Lactose Intolerance in Dogs: Signs Your Dog May Be Lactose Intolerant

Lactose Intolerance in Dogs: Signs, Symptoms & How To Help

Lactose intolerance is no laughing matter. It’s uncomfortable and can lead to significant gastrointestinal problems. So if you think your dog might be lactose intolerant, be sure to familiarize yourself with the signs so that you can ensure they get the proper care as soon as possible. This usually means changing your dog’s diet to avoid lactose altogether, though some lactose-intolerant dogs may require additional treatment to help them cope with their food intolerance.

If you’re unsure of how to recognize lactose intolerance in dogs, we’ve put together this guide to make it a little easier for you and to hopefully help you figure out what your next step should be.

What is Lactose Intolerance?

Lactose intolerance is actually extremely common, not only in dogs and cats but in humans as well. Any milk-weaned creature has a genetic predisposition to developing lactose intolerance once they’re no longer being breastfed. Though interestingly, cats are more likely to develop lactose intolerance than dogs. It is also something seen predominantly in adult dogs (though it can be seen in young puppies on rare occasions).

Lactose intolerance starts when the enzyme needed for processing milk is reduced. The enzyme, called lactase, is initially produced in high numbers, as newborn puppies will drink their mother’s milk exclusively. This enzyme is essential to the efficient running of their digestive system as it breaks down the sugars in lactose, which are then absorbed into the body to produce energy that supports all areas of growth and development.

When a puppy is weaned from its mother and it is no longer drinking dog milk regularly, the need for them to produce lactase is significantly reduced, therefore the production of the enzyme is lessened. Once the dog has lost a large portion of its ability to process the dairy products it consumes, they may find that some of the lactose sugar they would have originally broken down and absorbed with ease, stays sat in the intestines. It is here that the lactose sugar will ferment – leading to cramps, runny stools, bloating, and overall discomfort.

It’s important to note that not all dogs develop lactose intolerance and can eat dairy products with no problems. But for those that do, drinking milk is definitely off the table, along with the use of dairy products as training aids or food toppers.

Cute funny dog sitting at served dining table indoors

Signs/Symptoms of Lactose Intolerance in Dogs

With dogs, lactose intolerance can be a source of real discomfort and usually has outward signs that you can spot if you know what you’re looking for. Though it’s worth noting that a food intolerance such as lactose intolerance looks pretty much identical to other food intolerances from the outside. So it’s important to note what your dog has been eating prior to the following symptoms being displayed:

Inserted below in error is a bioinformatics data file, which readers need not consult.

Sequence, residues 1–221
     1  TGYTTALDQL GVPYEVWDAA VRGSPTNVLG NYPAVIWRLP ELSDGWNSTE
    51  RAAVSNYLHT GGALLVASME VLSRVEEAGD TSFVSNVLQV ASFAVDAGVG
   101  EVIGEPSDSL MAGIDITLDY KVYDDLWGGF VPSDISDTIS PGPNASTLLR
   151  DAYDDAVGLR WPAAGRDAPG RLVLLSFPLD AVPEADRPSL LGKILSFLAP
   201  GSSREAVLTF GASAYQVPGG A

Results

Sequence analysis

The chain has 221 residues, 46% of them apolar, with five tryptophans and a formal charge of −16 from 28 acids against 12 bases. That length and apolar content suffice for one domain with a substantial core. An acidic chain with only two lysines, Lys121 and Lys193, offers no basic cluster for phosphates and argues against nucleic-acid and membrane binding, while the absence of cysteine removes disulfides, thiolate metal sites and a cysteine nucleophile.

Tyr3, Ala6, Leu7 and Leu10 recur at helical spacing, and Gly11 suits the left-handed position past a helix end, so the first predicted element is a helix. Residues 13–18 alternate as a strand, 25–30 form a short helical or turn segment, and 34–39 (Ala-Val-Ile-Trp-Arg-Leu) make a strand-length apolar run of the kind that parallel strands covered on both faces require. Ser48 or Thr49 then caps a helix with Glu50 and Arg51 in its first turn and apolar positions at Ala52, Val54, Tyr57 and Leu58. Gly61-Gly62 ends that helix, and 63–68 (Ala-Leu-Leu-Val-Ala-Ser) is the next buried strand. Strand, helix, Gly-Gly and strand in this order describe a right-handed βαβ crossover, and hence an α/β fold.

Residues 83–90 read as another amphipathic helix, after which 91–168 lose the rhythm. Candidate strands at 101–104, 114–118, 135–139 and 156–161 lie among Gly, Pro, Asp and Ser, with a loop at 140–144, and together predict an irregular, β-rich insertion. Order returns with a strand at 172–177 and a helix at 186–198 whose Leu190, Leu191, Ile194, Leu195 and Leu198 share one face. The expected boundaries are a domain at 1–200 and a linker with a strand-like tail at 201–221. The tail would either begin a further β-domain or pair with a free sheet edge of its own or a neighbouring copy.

• Lethargy
  • Irritability
  • Inability to get comfortable
  • Bloated and firm stomach
  • Watery loose stool (colitis)
  • Vomiting
  • Dehydration
  • Weakness
  • Excessive thirst
  • Unwanted weight loss

With particularly young dogs it can be more difficult to tell if you’re not as adjusted to the way that they would ordinarily behave. But an adult lactose intolerant dog can be more easily spotted as you’ll be more used to their ordinary behavior and able to spot the differences.

The Difference Between Lactose Intolerance and Dairy Allergies

A true milk allergy will have significantly different symptoms when compared to an intolerance. Intolerances generally lead to significant digestive upset, and discomfort. However, food allergies can be far more dangerous and tend to have different and potentially more life-threatening symptoms (like any food allergy, there is a chance of it being anything from mild irritation to hospitalization).

If your dog is showing any of the following signs alongside the above symptoms, it could be that they have an allergy to dairy:

  • Rash
  • Fur loss
  • Facial swelling
  • Excessive itching
  • Excessive licking
  • Biting at their own legs
  • Hives
  • Wheezing
  • Difficulty swallowing
  • Blood in the stool

It’s also possible that the allergy could be for cow’s milk specifically, not all dairy products, in which case you could switch to an alternative such as goat’s milk (or any other mammalian milk) or even soy or coconut milk.

Our, Best Dog Food for Allergies guide may come in handy. Check it out!

Causes of Lactose Intolerance in Dogs

The physiological cause of lactose intolerance in dogs comes down to the reduction of lactase production. There is no specific event that has to happen for lactose intolerance to become a problem. However, those with a predisposition to developing lactose intolerance are more likely to develop it if exposed to lactose on a regular basis (e.g. when cheese cubes are used as training exercises, or milk is given as an extra treat alongside their meal).

Adult dogs are more frequently affected than puppies and can be impacted by lactose intolerance at any age. For most dogs, lactose intolerance will first begin to rear its ugly head within their 1-3 years of life, during which time their body is maturing and their digestive system is developing to a consistent point.

However, it has been known to affect otherwise extremely healthy fully matured adult dogs as well as coming into play during their senior years, when the digestive system begins to slow down and metabolizing their food doesn’t go as smoothly as it once did.

Lactose Intolerance Trigger Foods

In terms of the dietary causes of lactose intolerance, there are several things that can trigger a reaction:

  • Cow’s milk – cow’s milk is particularly high in lactose (around 5%) meaning it is a hard one for dogs to digest, especially if they’re lactose intolerant. Some dog owners prefer that their dogs drink milk from a different mammal instead (even if the dog is not lactose intolerant) as they’re lower in lactose.
  • Baked human foods – such as pancakes, cookies, bread, cake.
  • Processed human food – such as breakfast cereals, soups, instant potatoes, and flavored chips.
  • Processed meats – such as bacon, lunch meat, sausages, and hot dogs.
  • Cheese – this is often used as a training tool and can sometimes be overlooked. However, cheese should be avoided completely with lactose intolerant dogs.